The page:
Conway Morris, S. 2003. Life’s solution: inevitable humans in a lonely universe. Cambridge: Cambridge University Press.

Conway Morris, S. 2008. The deep structure of biology: is convergence sufficiently ubiquitous to give a directional signal? West Conshohocken, PA; Edinburgh: Templeton Foundation; Alban.

Goode, R., and P. E. Griffiths. 1995. The misuse of Sober’s selection of/selection for distinction. Biology and Philosophy 10 (1):99-108.

Ruse, Michael. 2000. Can a Darwinian be a Christian? : the relationship between science and religion. New York: Cambridge University Press.

28 thoughts on “Random thoughts about God and evolution

  1. The unpredictability of evolution is very overplayed. Evolution is more than one thing. Some of those things are inherently very predictable and others very unpredictable. For example, I predict that on a planet with life forms that follow Darwinian patterns (imperfect replication, over production, offspring resemble parents, etc.) there will emerge niches and multiple different organisms will converge adaptively into those niches (or the convergence will happen and define the niches, if you like … an important difference but one that does not matter for my prediction). That’s a pretty strong prediction. I see no reason to not accept its likelihood.

    (Sorry, I know this is a bit OT but … well, just sorry.)

    1. Yes, but consider this: evolution may traverse any pathway that is physically realiseable. And that is a vast space of possible states.

      The properties you mention are highly abstract – what is the mass or entropy of imperfect replication or resemblance?

  2. Absent the contingent fact that we find ourselves at the end of a history replete with theism, why would anybody even be talking about gods? It isn’t as if a concept like deity falls naturally out of considerations of quantum field theory. The theism problem is merely unnecessary. A philosopher has no business taking an idea seriously simply because it is deeply meaningful to the majority of the human race.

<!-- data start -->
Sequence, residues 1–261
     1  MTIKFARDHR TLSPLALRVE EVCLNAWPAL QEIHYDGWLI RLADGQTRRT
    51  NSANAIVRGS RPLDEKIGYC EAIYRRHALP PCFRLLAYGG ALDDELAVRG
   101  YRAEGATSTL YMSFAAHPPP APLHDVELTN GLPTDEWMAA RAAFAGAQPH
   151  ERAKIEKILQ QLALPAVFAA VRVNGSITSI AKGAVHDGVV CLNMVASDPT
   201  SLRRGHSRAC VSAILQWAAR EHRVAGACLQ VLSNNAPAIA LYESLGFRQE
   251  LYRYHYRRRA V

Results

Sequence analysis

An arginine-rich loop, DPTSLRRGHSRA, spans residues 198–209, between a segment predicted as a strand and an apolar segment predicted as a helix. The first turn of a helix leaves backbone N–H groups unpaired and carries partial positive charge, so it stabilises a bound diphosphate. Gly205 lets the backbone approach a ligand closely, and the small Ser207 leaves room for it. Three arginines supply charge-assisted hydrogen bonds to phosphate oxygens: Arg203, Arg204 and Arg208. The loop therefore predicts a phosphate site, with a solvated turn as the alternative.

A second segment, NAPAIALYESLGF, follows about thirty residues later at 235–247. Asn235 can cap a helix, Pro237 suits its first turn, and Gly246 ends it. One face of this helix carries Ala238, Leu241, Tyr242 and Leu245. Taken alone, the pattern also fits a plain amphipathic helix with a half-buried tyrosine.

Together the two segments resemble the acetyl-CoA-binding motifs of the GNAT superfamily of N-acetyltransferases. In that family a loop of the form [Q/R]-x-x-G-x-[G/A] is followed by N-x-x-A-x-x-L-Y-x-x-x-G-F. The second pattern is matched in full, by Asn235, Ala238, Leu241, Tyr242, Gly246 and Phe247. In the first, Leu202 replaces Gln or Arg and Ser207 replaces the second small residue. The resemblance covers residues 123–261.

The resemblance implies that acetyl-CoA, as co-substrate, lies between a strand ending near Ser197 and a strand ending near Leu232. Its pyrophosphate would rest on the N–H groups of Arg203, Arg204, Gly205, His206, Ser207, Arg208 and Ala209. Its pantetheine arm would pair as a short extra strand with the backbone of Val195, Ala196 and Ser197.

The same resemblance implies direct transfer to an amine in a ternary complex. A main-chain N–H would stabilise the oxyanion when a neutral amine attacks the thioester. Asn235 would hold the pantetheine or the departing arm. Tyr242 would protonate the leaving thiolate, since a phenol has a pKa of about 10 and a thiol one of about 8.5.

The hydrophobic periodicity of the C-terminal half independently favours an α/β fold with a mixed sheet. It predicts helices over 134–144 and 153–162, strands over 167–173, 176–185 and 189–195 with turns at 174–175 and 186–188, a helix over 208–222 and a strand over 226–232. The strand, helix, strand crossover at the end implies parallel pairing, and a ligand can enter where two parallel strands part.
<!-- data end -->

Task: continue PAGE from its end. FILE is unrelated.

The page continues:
I’m enough of a Kantian to want an account of the nature if not the source of the categories I use. Since the God concept, at a minimum, includes such features as purpose, I need some story that will make sense of a metaphysical principle having characteristics that, so far as I can see, only make sense as something pertaining to animals. Of course if God really is the gaseous vertebrate of the old atheistical joke, there isn’t a problem; but the trouble with this solution is that it replaces an incoherent metaphysics with incredibly unlikely science fiction. I can accept that one does not need HOX genes in order to qualify as able to act, but can a being without a head and a tail or some other sort of gradient or direction be said to do anything?

    1. I agree that one would not now find a reason to posit a deity. But all ideas and social institutions have a history, and neither is it the philosopher’s job to assert that an institution or idea should be rejected just because it has a history (that particular fallacy is called the Genetic Fallacy, by the way). I am interested only to know if a theist (of the kind I defined) can rationally believe in science, real science, and still be a theist. I have no interest in showing that theism is true or warranted, and indeed I think it isn’t. But I can take someone else’s views seriously enough to explore them, and maybe in the process, uncover something interesting about ideas in general.

      It turns out, on my account, that inherent teleology fails to be needed even by a theist. That might be of interest, don’t you think?

  3. My point is not that the concept of deity should be rejected because it has a history, but that it should be rejected because at this point all it has is a history.

    The trouble with a purely logical analysis of notions such as theism is that logic is a very weak instrument indeed, a fact which keeps the paranoids in business. More powerful methods are necessary to rule out even the most absurd and contrived hypotheses. In particular, it should be legitimate to point out how goofy certain hypotheses really are. That’s why I favor a certain degree of intransigence. How else do you convey the message that the problem with theological reasoning is that it presumes a legitimacy it doesn’t deserve?

    In practice, I have trouble remaining true to these impolite principles. I like to argue too much. And I can’t imagine what would be left of traditional theism without teleology so I’ll stay tuned.

    1. My point is not that the concept of deity should be rejected because it has a history, but that it should be rejected because at this point all it has is a history.